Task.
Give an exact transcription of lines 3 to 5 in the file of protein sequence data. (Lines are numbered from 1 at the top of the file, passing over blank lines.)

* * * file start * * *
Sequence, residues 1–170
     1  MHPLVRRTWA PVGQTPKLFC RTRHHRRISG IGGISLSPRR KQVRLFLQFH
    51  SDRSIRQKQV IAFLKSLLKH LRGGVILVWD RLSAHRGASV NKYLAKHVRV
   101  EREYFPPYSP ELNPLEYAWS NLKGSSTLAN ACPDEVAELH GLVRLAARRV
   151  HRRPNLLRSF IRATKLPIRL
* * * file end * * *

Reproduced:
    51  SDRSIRQKQV IAFLKSLLKH LRGGVILVWD RLSAHRGASV NKYLAKHVRV
   101  EREYFPPYSP ELNPLEYAWS NLKGSSTLAN ACPDEVAELH GLVRLAARRV
   151  HRRPNLLRSF IRATKLPIRL